Yertle the Turtle

October 5, 2009

When I was growing up we had many pet turtles. Probably the most boring pet – turtles are not fuzzy, not affectionate, make no eye contact, no sound. But as my boys were growing up the turtle was idealized as mutant ninjas and the possibilities changed. Seriously, though, I have seen lone turtles while sailing and snorkeling in the caribbean. They are graceful, magnificent and lonely creatures with hard-wired sense of direction and purpose.

In this video (it starts slowly but has an exciting middle and end) we see a family of 111 baby loggerhead turtles hatching and making a beeline for the ocean. It’s the only time they are together. No turtle family reunions. They hit the ocean and they are off and on their own dining on small sea mammals and reportedly growing up to 800 lbs (364 kg) and 3.5 feet (1.1 m) long. Named for their disproportionately large head, they are also the state reptile of South Carolina. When they first are swept into the coean they paddle for days, then they float in the currents and eat what floats by. As they mature they are important consumers of sea grass- mowing it down and keeping it short.  Loggerheads reach sexual maturity at around 35 years of age. In the southeastern U.S., mating occurs in late March to early June and females lay eggs between late April and early September. Females lay three to five nests, and sometimes more, during a single nesting season. The eggs incubate approximately two months before hatching sometime between late June and mid-November.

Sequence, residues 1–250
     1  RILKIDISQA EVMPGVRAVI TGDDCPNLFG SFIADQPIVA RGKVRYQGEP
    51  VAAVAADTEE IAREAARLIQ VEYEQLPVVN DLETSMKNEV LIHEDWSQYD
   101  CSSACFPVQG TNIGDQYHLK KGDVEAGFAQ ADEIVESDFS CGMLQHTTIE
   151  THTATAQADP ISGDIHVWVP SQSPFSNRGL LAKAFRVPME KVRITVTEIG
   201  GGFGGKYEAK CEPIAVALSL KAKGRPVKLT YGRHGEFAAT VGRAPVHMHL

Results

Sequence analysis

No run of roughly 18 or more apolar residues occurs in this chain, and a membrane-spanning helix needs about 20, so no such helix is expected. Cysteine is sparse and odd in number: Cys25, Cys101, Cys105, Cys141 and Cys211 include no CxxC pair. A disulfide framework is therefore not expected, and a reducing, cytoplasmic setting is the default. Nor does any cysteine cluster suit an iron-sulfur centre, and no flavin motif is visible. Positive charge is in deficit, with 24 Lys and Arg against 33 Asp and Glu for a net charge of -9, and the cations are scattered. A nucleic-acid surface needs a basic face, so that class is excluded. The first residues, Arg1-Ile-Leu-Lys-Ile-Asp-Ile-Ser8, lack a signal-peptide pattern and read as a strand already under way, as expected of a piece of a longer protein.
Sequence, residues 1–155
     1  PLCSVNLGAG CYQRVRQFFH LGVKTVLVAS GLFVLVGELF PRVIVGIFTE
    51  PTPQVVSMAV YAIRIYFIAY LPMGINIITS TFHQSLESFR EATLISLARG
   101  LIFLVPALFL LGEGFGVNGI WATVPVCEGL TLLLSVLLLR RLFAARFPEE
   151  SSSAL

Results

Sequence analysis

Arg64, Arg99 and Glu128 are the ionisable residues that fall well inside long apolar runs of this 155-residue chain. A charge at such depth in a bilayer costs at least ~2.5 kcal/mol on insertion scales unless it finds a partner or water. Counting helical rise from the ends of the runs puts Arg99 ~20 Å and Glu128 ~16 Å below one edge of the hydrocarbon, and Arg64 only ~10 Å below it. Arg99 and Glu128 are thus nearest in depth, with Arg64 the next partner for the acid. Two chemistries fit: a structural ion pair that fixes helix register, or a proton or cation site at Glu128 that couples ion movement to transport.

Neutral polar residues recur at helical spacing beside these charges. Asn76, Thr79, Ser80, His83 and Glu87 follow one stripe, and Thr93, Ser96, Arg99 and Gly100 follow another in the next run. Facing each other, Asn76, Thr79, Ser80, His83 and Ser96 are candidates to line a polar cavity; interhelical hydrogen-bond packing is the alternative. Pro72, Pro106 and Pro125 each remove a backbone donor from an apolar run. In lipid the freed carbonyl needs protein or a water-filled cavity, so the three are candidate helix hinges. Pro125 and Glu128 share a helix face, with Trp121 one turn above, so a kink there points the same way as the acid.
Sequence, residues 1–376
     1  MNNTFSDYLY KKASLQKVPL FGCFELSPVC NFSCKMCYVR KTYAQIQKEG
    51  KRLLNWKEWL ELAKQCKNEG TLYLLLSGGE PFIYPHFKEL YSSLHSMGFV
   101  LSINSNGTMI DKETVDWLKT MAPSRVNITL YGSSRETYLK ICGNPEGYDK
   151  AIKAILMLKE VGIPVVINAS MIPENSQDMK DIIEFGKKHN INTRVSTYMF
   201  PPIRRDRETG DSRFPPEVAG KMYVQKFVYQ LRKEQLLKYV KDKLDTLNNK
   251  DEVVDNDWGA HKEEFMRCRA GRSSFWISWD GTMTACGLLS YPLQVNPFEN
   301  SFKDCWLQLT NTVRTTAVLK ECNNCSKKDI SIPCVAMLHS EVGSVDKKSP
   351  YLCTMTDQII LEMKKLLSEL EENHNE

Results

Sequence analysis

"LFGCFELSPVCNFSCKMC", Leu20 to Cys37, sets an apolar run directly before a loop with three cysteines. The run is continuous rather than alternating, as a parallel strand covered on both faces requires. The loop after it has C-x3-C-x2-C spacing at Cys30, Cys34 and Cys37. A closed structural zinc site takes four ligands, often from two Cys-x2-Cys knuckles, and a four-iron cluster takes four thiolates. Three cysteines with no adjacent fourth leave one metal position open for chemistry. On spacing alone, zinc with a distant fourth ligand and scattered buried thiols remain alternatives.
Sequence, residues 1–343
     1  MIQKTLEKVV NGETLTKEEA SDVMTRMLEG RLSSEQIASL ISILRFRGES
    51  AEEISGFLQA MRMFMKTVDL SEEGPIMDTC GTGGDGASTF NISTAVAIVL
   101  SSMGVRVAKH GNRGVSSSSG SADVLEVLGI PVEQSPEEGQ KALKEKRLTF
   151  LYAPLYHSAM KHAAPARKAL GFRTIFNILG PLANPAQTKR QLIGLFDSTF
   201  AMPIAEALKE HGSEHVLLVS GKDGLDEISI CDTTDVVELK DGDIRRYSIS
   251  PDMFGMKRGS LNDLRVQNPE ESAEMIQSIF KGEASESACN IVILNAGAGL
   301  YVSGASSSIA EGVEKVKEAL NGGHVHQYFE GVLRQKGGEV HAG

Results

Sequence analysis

Loggerheads are a protected species as they have been hunted and used for many purposes including meat, eggs and fat. An important contribution is played by the groups of humans who now volunteer to watch over the nest, to protect the eggs from predators both animal and human, to record and protect the hatching and the exodus of the babies to the ocean. You can find out about making volunteering your vacation at and through many other national and international organizations.

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